Treasurer race could hinge on straight-ticket voters

With Election Day less than a month away, Beaufort County voters with a one-party habit are on the minds of both candidates for Beaufort County treasurer.

Doug Henderson, a 66-year-old Cat Island resident and retired banker, is challenging Republican incumbent Joy Logan as an independent petition candidate and says his campaign could succeed or fail based on the number of straight-party ballots cast.

"We've got to let Republican voters know that if they vote straight-ticket, they'll be voting for the incumbent," Henderson said. "The (voting) machines actually allow you to review your ballot, so we're hoping that people who do vote straight-ticket will take a little extra time to review their ballots and change that particular vote."

Democratic voters who cast a straight-ticket ballot will not cast a vote in the Treasurer's Office race or any other in which there is no Democratic candidate, according to county election officials.

Henderson considers himself a Republican, but Logan was the only candidate to file for the GOP primary before South Carolina's March 30 deadline.

But in May, former Treasurer's Office employee Casaundra White was arrested and accused of stealing more than $210,000 from public accounts. Later that month, county administrator Gary Kubic called on Logan to resign and the Beaufort County Council passed a resolution asking Logan to do the same. In June, an independent, largely critical audit of the Treasurer's Office was released to the public.

By that time, Henderson already was collecting the signatures he needed to appear on the Nov. 2 general election ballot as a petition candidate. He became Logan's first election opponent since the 1991 Republican primary.

Logan, who has served as treasurer since winning the general election later that year, said she expects her record of achievement and running under the party's banner will help her.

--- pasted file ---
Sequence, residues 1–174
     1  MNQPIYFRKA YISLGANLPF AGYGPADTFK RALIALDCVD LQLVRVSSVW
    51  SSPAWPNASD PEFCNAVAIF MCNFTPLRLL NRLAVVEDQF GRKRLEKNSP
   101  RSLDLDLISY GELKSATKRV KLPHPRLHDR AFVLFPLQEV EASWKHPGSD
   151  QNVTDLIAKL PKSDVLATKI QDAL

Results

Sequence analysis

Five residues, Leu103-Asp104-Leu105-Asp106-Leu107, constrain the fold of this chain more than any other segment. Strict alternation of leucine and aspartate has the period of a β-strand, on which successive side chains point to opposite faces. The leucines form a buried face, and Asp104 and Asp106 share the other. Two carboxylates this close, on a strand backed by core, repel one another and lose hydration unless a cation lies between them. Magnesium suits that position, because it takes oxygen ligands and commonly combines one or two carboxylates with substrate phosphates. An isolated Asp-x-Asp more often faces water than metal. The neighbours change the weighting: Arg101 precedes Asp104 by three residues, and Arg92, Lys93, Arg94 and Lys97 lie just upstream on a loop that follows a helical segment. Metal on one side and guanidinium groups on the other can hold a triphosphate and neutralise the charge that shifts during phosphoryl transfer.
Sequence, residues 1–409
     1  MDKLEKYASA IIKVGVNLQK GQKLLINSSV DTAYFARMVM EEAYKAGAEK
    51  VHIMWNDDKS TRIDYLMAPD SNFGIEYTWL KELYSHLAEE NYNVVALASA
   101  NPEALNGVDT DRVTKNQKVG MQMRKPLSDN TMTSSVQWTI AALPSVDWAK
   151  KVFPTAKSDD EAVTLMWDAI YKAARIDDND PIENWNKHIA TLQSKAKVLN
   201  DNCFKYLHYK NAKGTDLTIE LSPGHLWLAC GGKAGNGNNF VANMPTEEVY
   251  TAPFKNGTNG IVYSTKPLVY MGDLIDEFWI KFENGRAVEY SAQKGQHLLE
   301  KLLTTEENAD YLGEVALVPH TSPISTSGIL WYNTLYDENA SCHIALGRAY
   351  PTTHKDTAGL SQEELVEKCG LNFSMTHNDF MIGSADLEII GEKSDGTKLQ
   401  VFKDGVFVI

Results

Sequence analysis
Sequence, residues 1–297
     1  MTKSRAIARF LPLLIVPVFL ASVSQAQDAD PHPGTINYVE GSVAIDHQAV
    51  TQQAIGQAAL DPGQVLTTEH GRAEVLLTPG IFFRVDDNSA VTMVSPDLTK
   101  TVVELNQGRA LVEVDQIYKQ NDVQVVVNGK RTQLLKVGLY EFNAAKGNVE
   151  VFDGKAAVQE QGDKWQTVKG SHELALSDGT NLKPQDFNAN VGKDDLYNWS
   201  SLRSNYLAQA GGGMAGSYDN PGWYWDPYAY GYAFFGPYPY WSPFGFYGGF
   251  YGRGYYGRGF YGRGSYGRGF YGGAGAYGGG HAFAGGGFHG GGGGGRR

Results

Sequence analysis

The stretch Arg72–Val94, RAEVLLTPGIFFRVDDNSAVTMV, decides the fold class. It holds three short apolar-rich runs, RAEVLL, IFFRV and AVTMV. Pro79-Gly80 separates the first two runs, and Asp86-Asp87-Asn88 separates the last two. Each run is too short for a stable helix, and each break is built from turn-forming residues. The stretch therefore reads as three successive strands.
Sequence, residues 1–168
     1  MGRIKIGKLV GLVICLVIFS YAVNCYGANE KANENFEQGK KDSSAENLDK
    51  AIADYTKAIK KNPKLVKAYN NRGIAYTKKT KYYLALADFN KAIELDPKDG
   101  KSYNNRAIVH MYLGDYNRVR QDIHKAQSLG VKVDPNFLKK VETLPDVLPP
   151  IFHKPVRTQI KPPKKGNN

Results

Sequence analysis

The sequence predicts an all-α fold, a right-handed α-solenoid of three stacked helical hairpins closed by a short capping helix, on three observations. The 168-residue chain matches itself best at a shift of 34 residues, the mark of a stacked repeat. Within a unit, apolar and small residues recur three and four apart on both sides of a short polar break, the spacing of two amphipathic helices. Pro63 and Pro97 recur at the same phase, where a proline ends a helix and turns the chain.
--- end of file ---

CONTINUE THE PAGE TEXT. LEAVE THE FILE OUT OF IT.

"So many people in this county seem to vote straight-ticket," Logan said. "We have a very strong Republican Party in Beaufort County, but I know there are a number of Democrats who want to vote for me as well, so they will have to know to vote for me if they're planning to vote straight-ticket. There's a learning curve for Republicans and Democrats in this race."

The Beaufort County Board of Voter Registration and Elections does not track the number of straight-party ballots cast, according to Scott Marshall, the agency's executive director.

Rachel Buie, chairwoman of the Beaufort County Republican Party, said Republican straight-ticket voters could be the deciding factor on Election Day.

"That's really going to be a toss-up," Buie said. "They both have a lot of (Republican) supporters so there's really no way of telling how it's going to shape up. I wish Doug had come out before the primary filing deadline but he didn't. I think many people will ... vote for Joy because she is the Republican candidate."

Henderson said forthcoming campaign advertisements will include directions for straight-tickets voters on how to cast votes for him.

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